India is a poster child for internet adoption, and over-the-top platforms are banking on that. There was a time when a couple of large platforms enjoyed a near-monopoly over the Indian OTT market. But now, as the number of internet users have increased, so have these content offerings. The latest international player to join this universe is MUBI, a London-based curated streaming service founded in 2007.

With an India-specific channel and subscription plan, MUBI’s launch on November 16, could possibly herald a change in viewing habits among OTT viewers in the country. Unlike Netflix, Amazon Prime Video, EROS Now, and Hotstar that offer an ever-increasing collection of films and TV series, MUBI handpicks films and puts up one recommendation a day. “We make our films available on MUBI in a way that doesn’t overwhelm or frustrate people,” said Efe Cakarel, founder and CEO of MUBI.

Other than the curated list of films, the genre of films available on MUBI also sets it apart from other OTT platforms. The films on the platform are generally arthouse cinema, documentaries, or short films, that are guided by the local culture of the country that cinema represents. Rarely do mainstream feature films, especially in terms of the most direct understanding of Bollywood, appear on the list of MUBI’s curation. The only exception in the Indian context is perhaps Andaz Apna Apna, which is a cult unto itself.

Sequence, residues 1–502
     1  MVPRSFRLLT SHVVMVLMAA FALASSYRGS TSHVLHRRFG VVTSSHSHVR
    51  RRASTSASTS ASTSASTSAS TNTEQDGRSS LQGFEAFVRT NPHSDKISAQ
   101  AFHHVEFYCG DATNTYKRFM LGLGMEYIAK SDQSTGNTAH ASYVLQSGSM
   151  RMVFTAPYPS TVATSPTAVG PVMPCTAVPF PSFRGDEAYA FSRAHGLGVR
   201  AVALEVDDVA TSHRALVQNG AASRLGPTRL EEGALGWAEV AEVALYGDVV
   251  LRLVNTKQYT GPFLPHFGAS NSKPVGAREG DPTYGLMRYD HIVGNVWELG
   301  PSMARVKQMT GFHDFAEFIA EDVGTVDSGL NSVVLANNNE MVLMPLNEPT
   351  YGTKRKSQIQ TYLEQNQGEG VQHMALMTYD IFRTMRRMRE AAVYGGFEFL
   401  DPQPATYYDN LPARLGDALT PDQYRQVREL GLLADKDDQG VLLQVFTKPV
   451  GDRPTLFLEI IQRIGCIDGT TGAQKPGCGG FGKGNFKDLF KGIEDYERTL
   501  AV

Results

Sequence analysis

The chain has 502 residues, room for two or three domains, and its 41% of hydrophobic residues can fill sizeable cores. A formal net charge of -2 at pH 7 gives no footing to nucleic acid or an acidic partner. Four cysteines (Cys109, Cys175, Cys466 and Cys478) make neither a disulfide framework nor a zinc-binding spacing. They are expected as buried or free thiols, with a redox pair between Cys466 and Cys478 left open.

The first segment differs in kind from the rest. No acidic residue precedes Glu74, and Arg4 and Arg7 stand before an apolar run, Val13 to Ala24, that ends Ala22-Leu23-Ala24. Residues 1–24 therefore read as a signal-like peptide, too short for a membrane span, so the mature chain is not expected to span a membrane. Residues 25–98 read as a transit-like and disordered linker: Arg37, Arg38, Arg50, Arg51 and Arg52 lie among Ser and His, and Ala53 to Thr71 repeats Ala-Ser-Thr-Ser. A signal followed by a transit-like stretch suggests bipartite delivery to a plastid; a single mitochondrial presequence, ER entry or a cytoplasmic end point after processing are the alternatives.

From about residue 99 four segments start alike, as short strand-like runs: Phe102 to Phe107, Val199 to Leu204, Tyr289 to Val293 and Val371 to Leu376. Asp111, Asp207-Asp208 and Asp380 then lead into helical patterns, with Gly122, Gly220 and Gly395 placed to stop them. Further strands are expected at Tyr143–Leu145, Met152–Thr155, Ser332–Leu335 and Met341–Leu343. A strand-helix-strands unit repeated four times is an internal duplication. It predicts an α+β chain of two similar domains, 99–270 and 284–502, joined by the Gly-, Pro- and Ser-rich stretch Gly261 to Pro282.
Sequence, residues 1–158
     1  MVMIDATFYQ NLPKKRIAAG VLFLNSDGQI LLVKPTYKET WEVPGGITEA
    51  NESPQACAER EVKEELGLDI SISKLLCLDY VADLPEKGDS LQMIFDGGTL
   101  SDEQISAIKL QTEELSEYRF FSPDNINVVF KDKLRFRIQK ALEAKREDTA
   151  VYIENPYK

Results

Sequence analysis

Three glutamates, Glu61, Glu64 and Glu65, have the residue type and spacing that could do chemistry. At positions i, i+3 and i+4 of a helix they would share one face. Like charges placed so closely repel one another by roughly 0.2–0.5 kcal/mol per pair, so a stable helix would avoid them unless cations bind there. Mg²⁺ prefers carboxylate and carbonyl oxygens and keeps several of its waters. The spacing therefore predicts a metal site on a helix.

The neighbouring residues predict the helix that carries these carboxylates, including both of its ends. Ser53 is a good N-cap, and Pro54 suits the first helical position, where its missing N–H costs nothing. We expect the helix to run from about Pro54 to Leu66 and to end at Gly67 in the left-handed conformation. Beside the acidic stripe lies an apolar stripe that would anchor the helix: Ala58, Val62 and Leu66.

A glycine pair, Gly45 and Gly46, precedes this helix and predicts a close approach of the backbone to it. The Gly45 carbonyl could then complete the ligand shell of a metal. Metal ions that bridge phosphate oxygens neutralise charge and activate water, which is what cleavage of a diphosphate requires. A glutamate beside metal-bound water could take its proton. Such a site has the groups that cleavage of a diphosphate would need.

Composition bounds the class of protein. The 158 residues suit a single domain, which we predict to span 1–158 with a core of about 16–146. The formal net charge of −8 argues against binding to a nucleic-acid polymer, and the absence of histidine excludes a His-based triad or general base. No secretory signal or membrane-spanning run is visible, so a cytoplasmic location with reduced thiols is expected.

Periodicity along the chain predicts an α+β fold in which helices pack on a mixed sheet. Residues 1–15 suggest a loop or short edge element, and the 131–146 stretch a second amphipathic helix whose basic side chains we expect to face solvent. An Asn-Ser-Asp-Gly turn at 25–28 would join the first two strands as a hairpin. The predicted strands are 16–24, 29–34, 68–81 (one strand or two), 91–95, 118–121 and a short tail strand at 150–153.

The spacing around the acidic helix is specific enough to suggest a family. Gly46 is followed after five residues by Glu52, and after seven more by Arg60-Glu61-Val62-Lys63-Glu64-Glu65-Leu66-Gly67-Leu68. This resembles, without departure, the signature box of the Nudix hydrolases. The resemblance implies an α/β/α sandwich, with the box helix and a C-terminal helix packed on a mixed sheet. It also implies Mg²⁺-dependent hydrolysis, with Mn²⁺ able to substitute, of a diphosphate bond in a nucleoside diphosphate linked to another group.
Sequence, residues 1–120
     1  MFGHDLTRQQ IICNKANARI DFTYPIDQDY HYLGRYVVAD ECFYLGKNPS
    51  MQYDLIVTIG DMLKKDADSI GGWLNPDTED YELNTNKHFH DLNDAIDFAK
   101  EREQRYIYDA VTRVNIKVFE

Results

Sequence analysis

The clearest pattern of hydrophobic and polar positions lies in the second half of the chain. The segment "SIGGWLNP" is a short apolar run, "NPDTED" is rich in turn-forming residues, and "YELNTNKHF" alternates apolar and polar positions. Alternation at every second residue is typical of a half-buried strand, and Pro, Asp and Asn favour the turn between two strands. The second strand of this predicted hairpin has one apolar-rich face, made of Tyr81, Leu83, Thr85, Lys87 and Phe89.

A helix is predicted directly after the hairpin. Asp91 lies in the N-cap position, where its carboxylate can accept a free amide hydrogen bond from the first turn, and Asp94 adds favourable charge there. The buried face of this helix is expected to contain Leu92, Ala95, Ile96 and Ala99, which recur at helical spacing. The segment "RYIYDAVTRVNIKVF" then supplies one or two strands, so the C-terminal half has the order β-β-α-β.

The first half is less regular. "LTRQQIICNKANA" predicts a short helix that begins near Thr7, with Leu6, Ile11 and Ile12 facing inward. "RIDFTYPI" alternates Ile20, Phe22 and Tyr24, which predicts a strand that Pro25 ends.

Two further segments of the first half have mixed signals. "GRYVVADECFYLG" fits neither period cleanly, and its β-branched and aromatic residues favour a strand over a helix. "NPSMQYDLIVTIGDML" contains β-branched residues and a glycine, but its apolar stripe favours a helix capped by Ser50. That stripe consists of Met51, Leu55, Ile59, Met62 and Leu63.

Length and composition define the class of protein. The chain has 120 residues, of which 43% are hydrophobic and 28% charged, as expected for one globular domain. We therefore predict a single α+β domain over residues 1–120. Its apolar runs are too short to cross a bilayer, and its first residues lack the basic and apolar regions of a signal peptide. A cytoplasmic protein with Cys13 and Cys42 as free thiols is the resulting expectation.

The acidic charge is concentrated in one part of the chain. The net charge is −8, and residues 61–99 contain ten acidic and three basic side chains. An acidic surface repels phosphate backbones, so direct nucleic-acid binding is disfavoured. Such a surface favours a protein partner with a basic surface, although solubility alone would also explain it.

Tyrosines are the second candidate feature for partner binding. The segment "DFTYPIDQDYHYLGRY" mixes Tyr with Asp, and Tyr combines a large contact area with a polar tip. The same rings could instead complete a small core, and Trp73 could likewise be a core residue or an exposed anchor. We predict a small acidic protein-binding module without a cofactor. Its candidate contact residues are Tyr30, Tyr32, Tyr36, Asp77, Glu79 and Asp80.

In a unique partnership with PVR Cinemas, MUBI also announced the MUBI GO programme on November 27. Under this, MUBI subscribers will be able to redeem one ticket for a “film of the week” at any PVR hall that is screening it. This could be an interesting game-changer, especially in terms of bringing more audiences to watch films that often go unnoticed. MUBI is currently available for Rs 199 for the first three months and Rs 499 per month subsequently.

In an interview with Quartz, Cakarel talks about the competitive OTT market in India, working with Indian filmmakers, and how MUBI plans to ensure people don’t get bored with its platform. Edited excerpts:

Are you worried that MUBI is entering India at a time when there are various homegrown and international OTT players crowding the market?
Our model and approach are very different from other subscription video on demand services, and we don’t see MUBI as having to directly compete with other streaming apps. We know, through research, that many people will subscribe to more than one SVoD service, so consumers in India could subscribe to both Netflix and MUBI.